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Remington is among the companies that have produced rifles and ammunition designed for hunting varmint such as the groundhog pictured.

Have you ever been to a good, old-fashioned rat killin'?

Once upon a time, this was a highly anticipated activity if you lived in a rural area. Bear in mind, this was before the wonderful internet and in an era when folks didn't walk around glued to their smartphones, oblivious to the world around them.

Rats and mice are of course very destructive pests around a farm (or any residence), and really the only way to deal with these varmints is to send them to rat heaven. A planned and organized rat hunt on a farm was sometimes quite an affair, much like a good dove shoot or other social gathering. Usually the farmer would single out a specific building or area to concentrate on, such as the barn, tool shed or a granary.

Once the troops were in place, the mission often began with moving stacks of feed sacks, pieces of machinery, tools or anything the rodents might hide under. The rats then began to scurry, and in the close confines of a corn crib or storage area of a barn, it could get quite lively. There was generally a lot noise and yelling about a rat getting away, and the close work was usually done with some form of club or other blunt instrument.

Firearms would sometimes come into play — away from the main crowd for safety's sake. This was usually a .22 rifle, sometimes with solid ammo, sometimes with rat shot. If the rat escaped the main fray in the center of the invasion, those with a .22 were allowed to fire at the rat when he reached an area deemed safe for shooting. Although sometimes a lot of rats would escape, the farmer could usually bring the rodent population down to a more acceptable level.

I have often thought these exterminations of yesteryear may have been the beginning of the modern-day varmint hunter.

There was a time when most people hunted deer, rabbits, pheasants or ducks. You didn't hear as much as specifically hunting for what were considered nongame animals, such as groundhogs, crows or coyotes. By the late 1960s, this started to change, someone coined the term "varmint rifle" and the race was on.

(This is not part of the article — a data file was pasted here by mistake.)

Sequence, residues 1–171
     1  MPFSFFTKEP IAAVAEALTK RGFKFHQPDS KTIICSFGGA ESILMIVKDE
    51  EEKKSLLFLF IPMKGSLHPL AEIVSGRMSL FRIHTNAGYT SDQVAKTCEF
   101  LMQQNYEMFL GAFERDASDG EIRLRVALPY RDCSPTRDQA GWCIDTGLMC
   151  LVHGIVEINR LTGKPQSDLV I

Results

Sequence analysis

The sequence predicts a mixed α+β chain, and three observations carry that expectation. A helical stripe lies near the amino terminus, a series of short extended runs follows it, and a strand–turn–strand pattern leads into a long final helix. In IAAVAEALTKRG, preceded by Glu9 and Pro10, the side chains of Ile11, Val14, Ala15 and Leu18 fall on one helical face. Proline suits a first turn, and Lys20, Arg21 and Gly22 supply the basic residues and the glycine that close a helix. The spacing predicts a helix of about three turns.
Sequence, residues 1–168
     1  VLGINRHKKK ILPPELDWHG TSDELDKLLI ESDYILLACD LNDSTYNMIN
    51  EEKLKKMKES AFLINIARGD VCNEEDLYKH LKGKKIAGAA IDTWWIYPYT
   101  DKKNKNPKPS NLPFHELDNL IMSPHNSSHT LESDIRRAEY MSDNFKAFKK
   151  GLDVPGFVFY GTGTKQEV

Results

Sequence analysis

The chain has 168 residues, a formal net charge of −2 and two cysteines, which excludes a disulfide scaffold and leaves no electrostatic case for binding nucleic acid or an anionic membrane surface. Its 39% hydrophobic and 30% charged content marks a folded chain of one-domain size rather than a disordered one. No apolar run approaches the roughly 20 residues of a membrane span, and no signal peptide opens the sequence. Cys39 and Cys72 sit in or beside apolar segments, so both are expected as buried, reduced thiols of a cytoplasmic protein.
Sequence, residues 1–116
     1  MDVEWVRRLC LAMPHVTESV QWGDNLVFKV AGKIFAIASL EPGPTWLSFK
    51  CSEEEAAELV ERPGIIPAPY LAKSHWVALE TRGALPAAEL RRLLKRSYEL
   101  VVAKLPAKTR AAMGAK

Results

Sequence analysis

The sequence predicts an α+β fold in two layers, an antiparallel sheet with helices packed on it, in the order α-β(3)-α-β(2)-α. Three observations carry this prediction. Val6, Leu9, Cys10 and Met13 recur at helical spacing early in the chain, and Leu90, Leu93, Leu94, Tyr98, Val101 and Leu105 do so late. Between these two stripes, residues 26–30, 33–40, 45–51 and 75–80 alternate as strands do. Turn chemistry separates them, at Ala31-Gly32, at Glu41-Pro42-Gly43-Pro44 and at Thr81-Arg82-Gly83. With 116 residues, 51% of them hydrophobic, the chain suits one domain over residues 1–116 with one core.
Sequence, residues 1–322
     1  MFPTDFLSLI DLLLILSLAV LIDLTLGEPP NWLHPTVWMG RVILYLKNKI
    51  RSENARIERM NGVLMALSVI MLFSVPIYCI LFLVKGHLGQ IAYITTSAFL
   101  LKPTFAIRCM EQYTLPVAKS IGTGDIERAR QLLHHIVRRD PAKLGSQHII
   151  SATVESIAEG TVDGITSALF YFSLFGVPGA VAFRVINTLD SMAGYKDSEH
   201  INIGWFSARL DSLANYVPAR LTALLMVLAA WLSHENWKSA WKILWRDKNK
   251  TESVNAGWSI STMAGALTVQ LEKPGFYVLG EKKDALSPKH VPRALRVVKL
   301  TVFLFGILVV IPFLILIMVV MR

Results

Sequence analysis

The modern varmint rifle no doubt evolved from bench-rest competition rifles. The first varmint guns had heavy, blocky stocks, large-diameter barrels and telescopic sights sometimes as long as the barrel. The varmint rifle had the same goal as the bench-rest gun — hitting small targets at long distances. A varmint rifle became known for employing small calibers (usually .22) with a lot of speed. The varmint hunter wanted the rifle to shoot "flat," meaning with as little arc as possible between the muzzle of the barrel and the target, sometimes at extreme distances.

This quest for fast, flat-shooting calibers led to the development of several new calibers and is still happening. When hand loaders and rifle enthusiasts develop a new cartridge not available commercially, it is known as a wildcat cartridge. Some wildcats lay around for years before enough interest is generated for an ammunition company to take notice and produce them for sale to the public.

One such cartridge is the .22/250 (my personal favorite), which for years was the darling of many varmint hunters. The original work on the .22/250 (derived from the old .250/3000 cartridge) was done in the 1930s, and it lay dormant until 1963, when Browning made a bold step of producing a factory rifle in this caliber. Remington followed two years later with a Model 700 rifle and a line of ammunition with the company name, the .22/250 Remington.

Many other rounds of ammunition considered to be in the same arena were developed over the years, including the .222, the .222 Magnum, the .225 and the .220 Swift. Some of these calibers have gone by the wayside and have made way for varmint rounds in recent years such as the .17 HMR and the .204 Ruger.

The .17 HMR (Hornady Magnum Rimfire) was developed by the ammunition company Hornady in 2002 and is basically the old .22 magnum round-necked down to .17 caliber. Several gun manufacturers now offer rifles in the .17 HMR, and one you might want to check out is the Savage A17. The A Series of rimfire rifles from Savage feature a rotary magazine, efficient blowback action, and the Savage AccuTrigger. I found the A Series rifles to function well and fire accurately.

The scope on a varmint rifle is just as important as the gun, because once again we are trying to hit small targets at a long distance. For the Savage A17 — or any other rimfire rifle — consider the Bushnell Rimfire Optics line of scopes. Among other features of these optics is a Bullet Drop Compensator turret on the scope, which allows you to have preset hold over aiming points for the load you are shooting, a real advantage for the groundhog or coyote smirking at you from 200 yards.

The varmint rifle world has come a long way in the past 50 years, a long way from an old bolt-action, single-shot .22 in a corn crib.

Just don't hold it against me if I said I would still like to go to a good rat killin' somewhere.

"The Trail Less Traveled" is written by Larry Case, who lives in Fayette County, W.Va. You can write to him at larryocase3@gmail.com.

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